10 Key Features to Look for in Your Next Laptop

Up until around 2010, both consumers and businesses could be counted on to upgrade their laptops every three years on average, because technology changed so quickly that anything older than that felt like a dinosaur. Since then, however, that upgrade cycle has gotten longer and longer, and many users now have notebooks that are old enough to enter grade school.

You can blame the economy or competing devices such as tablets, but in recent years, many consumers just haven't noticed a big enough difference between their five-year-old laptop and the shiny new ones on the shelf at Best Buy. Who wants to spend $700 to get something that's just a little bit faster than what they have now?

However, in 2017, if you replace a laptop that's at least three years old, you will see huge benefits that go way beyond minor performance gains. From sharper, more colorful screens to longer battery life, USB Type-C / Thunderbolt 3 ports and 7th Gen CPUs, here are the key features you can get on a new notebook that your old system just can't match.

1. USB Type-C / Thunderbolt 3 Ports

Everyone loves USB, the ubiquitous connector that charges your phone and tablet, writes data to your flash drive and even connects you to helpful docking stations. Your old laptop probably has a few standard USB Type-A ports, but many 2017 systems come with USB Type-C ports which offer a whole new world of functionality. USB Type-C ports can carry data and electricity over a single wire, allowing you to power your laptop, output video to external monitors and copy files with just one standard cable.  Better still, all USB Type-C cables are reversible, which means that you never have to worry about plugging them in upside down.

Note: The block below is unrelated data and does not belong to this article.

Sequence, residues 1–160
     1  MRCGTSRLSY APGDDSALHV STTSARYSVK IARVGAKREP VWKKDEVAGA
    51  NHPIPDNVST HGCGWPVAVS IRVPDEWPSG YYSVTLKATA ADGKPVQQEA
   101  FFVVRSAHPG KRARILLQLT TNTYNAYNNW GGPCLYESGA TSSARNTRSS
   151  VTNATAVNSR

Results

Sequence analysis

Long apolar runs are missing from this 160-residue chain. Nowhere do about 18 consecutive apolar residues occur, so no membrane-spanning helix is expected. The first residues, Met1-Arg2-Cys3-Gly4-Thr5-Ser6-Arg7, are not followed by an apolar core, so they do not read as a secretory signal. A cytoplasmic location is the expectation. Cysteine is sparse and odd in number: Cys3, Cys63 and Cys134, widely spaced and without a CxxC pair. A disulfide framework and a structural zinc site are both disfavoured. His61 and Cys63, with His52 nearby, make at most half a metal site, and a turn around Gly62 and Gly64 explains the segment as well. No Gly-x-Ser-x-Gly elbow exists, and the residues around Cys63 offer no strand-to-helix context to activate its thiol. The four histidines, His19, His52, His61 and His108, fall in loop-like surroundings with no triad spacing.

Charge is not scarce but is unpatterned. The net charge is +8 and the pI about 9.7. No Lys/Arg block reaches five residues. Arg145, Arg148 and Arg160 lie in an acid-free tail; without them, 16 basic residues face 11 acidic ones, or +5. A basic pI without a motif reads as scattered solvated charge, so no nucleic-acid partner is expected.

Not all laptops that have USB Type-C can charge off of it, but those that do will be able to take advantage of an entire ecosystem of standardized AC adapters, docks and monitors. Because Type-C is an industry standard, you'll can use the same power brick with laptops, tablets and phones of different brands. Finsix makes a version of the Dart, its remarkably tiny charger, that has USB Type-C and Innergie sells the  PowerGear USB-C 45, which is a bit larger but less expensive.

Some higher-end laptops also have Thunderbolt 3, which uses the same USB Type-C connector and is fully compatible with Type-C devices, but adds support for even-faster Thunderbolt peripherals. With Thunderbolt 3, you can power up to two 4K monitors over a single wire, transfer files with a portable backup drive at the speed of an internal SSD or connect to an external video card for gaming. 

MORE: Thunderbolt 3 Explained: Why You Need the World's Fastest Port

2. Higher-Resolution Screens

In the past few years, most laptops came with 1366 x 768 resolution screens, even if you paid good money for them. At this rotten resolution, not only are pictures grainier, but not a lot of text fits on the screen, forcing you to scroll a long way to read Web pages or edit documents.

Today, you can find an affordable system with a 1920 x 1080 or higher resolution screen that will let you see more of your work at once while you're viewing movies the way they were meant to be seen. For example, the Acer Aspire E 15 is available with a full-HD screen for just $349. If you're willing to spend more, you can find laptops with 4K ultra-HD displays that output at a ridiculous 3840 x 2160. The 4K configuration of the Dell XPS 15 starts at $1,599.

3. OLED Displays

After staring at your smartphone, you'd be forgiven for feeling like your laptop's display is dull and lifeless. The best phone screens on the market, including the Samsung Galaxy Series and Google Pixels, use OLED displays that produce well over 100 percent of the sRGB color gamut, making images on the panel look better than in real life.

At present, there are only two laptops with OLED screen options, the Alienware 13 and the ThinkPad X1 Yoga. The 2016 versions of both laptops blew us away with their vibrant colors. Hopefully, even more OLED laptops will be announced in 2017.

4. Intel Kaby Lake CPUs